- - Tuesday, May 31, 2011

ENERGY

Oil, gas prices fall in time for summer

NEW YORK — Oil and gasoline prices finally hit the brakes in May.

After surging to the highest levels since 2008, oil dropped 10 percent for the month and gasoline slipped nearly 4 percent.

The May slump will ripple through petroleum markets around the world, affecting fuel prices everywhere.

Crude futures dropped early in May as a growing number of industry and government reports showed plentiful supplies and falling demand. The dollar grew stronger against other currencies during the month, and that helped push oil lower as well.

Last May oil dropped about 17 percent, from just under $83 a barrel to $68, for similar reasons: a stronger dollar and rising supplies of crude.

The national average for a gallon of regular gas peaked at $3.9845 in the first week of May before sliding 20.5 cents per gallon by the end of the month. Prices were down for the 19th day in a row on Tuesday, to $3.78 per gallon, according to AAA, Wright Express and Oil Price Information Service.

CURRENCY

Dollar falls against euro on possible Greek aid

NEW YORK — The dollar fell against the euro Tuesday as investors gained confidence that Greece would soon negotiate a new aid deal to stave off a debt default and U.S. economic data pointed to slowing growth.

In afternoon trading in New York, the euro rose to $1.4378 from $1.4284 late Monday.

Greece received a package of $157 billion (in U.S. dollars) in rescue loans a year ago. But a review of the country’s accounts by experts from the European Union, International Monetary Fund and the European Central Bank is expected to show that Greece is going to need even more low-cost loans to keep its country running.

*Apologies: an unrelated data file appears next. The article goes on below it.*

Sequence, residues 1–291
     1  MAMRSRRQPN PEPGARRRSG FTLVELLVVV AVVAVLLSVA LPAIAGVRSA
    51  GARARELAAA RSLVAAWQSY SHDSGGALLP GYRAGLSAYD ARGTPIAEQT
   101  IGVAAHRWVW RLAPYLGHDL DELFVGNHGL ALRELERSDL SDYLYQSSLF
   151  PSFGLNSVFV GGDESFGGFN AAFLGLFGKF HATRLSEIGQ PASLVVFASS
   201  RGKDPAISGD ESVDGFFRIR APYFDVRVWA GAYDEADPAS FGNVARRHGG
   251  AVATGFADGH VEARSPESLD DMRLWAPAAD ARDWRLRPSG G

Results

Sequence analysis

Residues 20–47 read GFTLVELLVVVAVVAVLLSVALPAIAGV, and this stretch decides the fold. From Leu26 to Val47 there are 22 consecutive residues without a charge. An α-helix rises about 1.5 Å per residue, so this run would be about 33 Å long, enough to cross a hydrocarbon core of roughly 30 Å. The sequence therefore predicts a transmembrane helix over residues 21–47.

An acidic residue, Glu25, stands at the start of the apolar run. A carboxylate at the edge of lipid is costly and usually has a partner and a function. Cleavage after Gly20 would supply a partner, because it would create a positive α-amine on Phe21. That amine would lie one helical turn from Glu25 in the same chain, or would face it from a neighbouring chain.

If Greece gets additional aid, it would help ease fears of a looming default that could hurt the European banks that hold Greek bonds. Those fears weighed on the euro last week, sending the currency below $1.40 for the first time in two months.

AUTO

GM to invest $88 million in plant

DETROIT — General Motors Co. plans to invest $88 million in equipment and tooling for an unspecified new model to be built at its Lansing Grand River assembly plant in Michigan.

The plant currently builds three models of the midsize Cadillac CTS car — sedan, coupe and wagon — along with a high-powered V-series version of each model.

The high-powered wagon is the least fuel-efficient small station wagon on the U.S. market, according to the U.S. Department of Energy website fueleconomy.gov, which rates the vehicle at 12 miles to the gallon in city driving and 18 miles on the highway.

The Lansing Grand River plant employs 917 hourly and salaried employees, GM said.

The investment is part of GM’s previously announced plan to invest $2 billion in 17 U.S. plants.

LAWSUIT

Company sued over promissory notes infomercials

DENVER — Colorado and federal officials are suing a company that runs infomercials offering to teach people how make money in the promissory notes business.

Colorado Attorney General John W. Suthers on Tuesday announced the lawsuit against Westminster-based Dalbey Education Institute, formerly known as America’s Note Network. The company markets its products in infomercials that have featured actor Gary Collins.

Mr. Suthers and the Federal Trade Commission allege the company and its principals engaged in deceptive trade practices. They say very few customers earn money from its products and that some testimonials don’t disclose actual earnings after costs are deducted.

The company denies the allegations and says the case is flawed.

From wire dispatches and staff reports

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